Image courtesy of Hal Pierce, NASA Goddard Space Flight Center
The Tropical Rainfall Measuring Mission (TRMM) overflew the very core of Typhoon Etau in the western Pacific at 5:30 p.m. (local time) on August 7. This remarkable TRMM image is constructed in three parts: The white background shows the counterclockwise spiral of the storm’s clouds, as imaged by the Visible and Infrared Scanner (VIRS). Superimposed on top of the clouds (wide outer swath) is the rain intensity, as detected by passive microwave energy using the TRMM Microwave Radiometer (TMI). The innermost swath shows the rain intensity as measured by the TRMM Precipitation Radar. Reds indicated the heaviest rain regions, with rain rates on the order of several inches per hour. Typhoon Etau appears as a very symmetric storm—like a giant, slowly spinning pinwheel—with a well defined, nearly closed eye. In one sweep, the TRMM satellite was able to capture the detailed cloud structure, as well as the entire rainfall pattern contained within the clouds.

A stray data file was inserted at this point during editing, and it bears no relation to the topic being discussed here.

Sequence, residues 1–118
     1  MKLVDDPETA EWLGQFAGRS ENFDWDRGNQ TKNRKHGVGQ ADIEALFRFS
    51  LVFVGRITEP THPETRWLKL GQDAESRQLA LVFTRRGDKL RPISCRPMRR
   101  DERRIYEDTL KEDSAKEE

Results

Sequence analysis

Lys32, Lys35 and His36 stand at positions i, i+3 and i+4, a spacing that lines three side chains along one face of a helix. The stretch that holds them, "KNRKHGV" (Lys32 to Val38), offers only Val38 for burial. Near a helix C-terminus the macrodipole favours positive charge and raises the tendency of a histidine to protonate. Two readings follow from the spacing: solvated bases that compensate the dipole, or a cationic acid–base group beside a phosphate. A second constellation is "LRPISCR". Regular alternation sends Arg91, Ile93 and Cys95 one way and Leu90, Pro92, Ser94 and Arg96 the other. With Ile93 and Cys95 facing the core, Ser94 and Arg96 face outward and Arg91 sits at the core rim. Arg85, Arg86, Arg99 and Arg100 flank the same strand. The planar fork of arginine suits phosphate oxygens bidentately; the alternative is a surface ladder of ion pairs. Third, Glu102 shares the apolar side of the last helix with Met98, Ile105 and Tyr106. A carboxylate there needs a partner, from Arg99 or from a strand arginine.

The Tropical Rainfall Measurement Mission is shared between NASA and the Japanese space agency NASDA. More detailed images of hurricane rain structure can be found on the TRMM website.
This image originally appeared on the Earth Observatory. Click here to view the full, original record.